at users I can go in and, say I wanted to understand
how many external users do I have on our network anyway? Here's where I can go ahead and I can see all sorts of attributes
around specific users. So here's an external user who
came on with a university address. And I can go ahead and
get more information on this person, I can delete him or control
various aspects of his access. Groups is also a first
party citizen in Azure AD. So if we come over here, you can see
how to set up dynamic memberships. So I come into Users and Groups. And if I clicked into my groups,
and I see all of my groups and how the membership is organized. And here I've got my
engineering team. And we've set up dynamic
membership there. And that's done simply
through applying these rules. And I can set them based
on geographical location. I can set them based on
a number of attributes. And then finally, for
Security and Compliance. Oops. Actually, let's go into Security and
Compliance center. Timed out on that one. So, this is where I can go if I
hear from the lawyers that we need to go ahead and do some
digging on a particular user. And I can go in and
do that audit log report. And I'll get both, oops. All the users, if I search on,
say, Garth Fort, it'll search all of Garth's
personal inbox and information, but it will also check his
group activities as well. So all of this is done through
the Security and Compliance center. That's a quick tour of some
of the admin controls. Now let's talk about how we
make some of those security features come to life for
the end user experience. So here we have a screenshot,
this is from Outlook. And all of us have seen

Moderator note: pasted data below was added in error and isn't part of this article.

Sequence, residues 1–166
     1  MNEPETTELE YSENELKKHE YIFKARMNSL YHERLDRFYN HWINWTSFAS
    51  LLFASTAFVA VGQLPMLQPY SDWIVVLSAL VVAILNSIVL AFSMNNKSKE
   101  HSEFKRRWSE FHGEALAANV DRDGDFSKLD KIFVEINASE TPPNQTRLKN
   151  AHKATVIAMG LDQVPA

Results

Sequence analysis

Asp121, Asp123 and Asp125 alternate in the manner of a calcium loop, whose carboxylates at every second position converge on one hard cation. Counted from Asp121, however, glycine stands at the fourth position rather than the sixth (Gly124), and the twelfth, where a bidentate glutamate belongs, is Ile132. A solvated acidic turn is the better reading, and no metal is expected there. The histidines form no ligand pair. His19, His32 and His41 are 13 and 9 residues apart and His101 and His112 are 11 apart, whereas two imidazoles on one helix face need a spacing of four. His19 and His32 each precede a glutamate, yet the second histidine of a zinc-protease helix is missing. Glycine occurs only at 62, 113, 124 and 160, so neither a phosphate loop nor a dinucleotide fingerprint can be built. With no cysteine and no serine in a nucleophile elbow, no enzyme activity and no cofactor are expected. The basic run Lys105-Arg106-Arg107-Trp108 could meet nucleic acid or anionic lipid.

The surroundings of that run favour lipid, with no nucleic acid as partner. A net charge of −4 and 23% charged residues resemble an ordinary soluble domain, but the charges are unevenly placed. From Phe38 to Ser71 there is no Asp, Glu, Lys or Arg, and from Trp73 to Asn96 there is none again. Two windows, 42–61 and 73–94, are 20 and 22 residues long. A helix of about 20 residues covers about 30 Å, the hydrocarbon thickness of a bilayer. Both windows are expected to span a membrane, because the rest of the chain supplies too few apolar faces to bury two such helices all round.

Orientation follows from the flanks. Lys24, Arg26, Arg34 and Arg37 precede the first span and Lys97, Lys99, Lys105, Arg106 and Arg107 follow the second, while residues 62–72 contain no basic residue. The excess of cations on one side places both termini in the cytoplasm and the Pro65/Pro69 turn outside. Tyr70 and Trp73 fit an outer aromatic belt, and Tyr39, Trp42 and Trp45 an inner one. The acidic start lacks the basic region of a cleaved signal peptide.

the spy movies that have manila envelopes with
things like top secret and classified written
on those envelopes. And that's not just
the stuff of spy movies. Actually there are real titles
in organizations where that classification exists. At Microsoft, we have low business
impact, medium business impact and high business impact as our
data classification system. And you can see here that when
someone's creating a group in Outlook, they have the option,
you can choose, you can set and choose which classification
will apply to the group's activities in that particular group. There's also a usage policy right up
at the top, right below the picture. You can see the usage policy. And all of us are employees and our activities on technology are
subject to our employment agreement. And this usage policy
is a way to cascade and remind users about some of those
things they've agreed to and give them guidance on
appropriate use of this group. So those are two things for
Security and Compliance. And of course we've got in
In-place hold and eDiscovery. So if there is a situation,
where there's active litigation, you need to go out, you're asked
to go get some information and do some very specific searches. You could easily do that in
the Security and Compliance center. Preservation and deletion policies are sort of
two sides of the same coin. So this will be the ability to
apply rules to the content. So for preservation it would be, say we wanna keep all
the content in this group, so that would be the messages and
the files, for a period of one year. So you could have the ability
to set that policy. Alternatively, on
the deletion policy, say you have a group that is
setup with a connector, and it's got a Twitter feed coming into
it, or a news feed coming into it. And that's not content that you
need to hang onto for very long. So say you set a deletion
policy that every 30 days the content of this
group will be deleted. That's the deletion policy. So that is coming soon. Any developers in the crowd? Okay, a couple. Well, this is not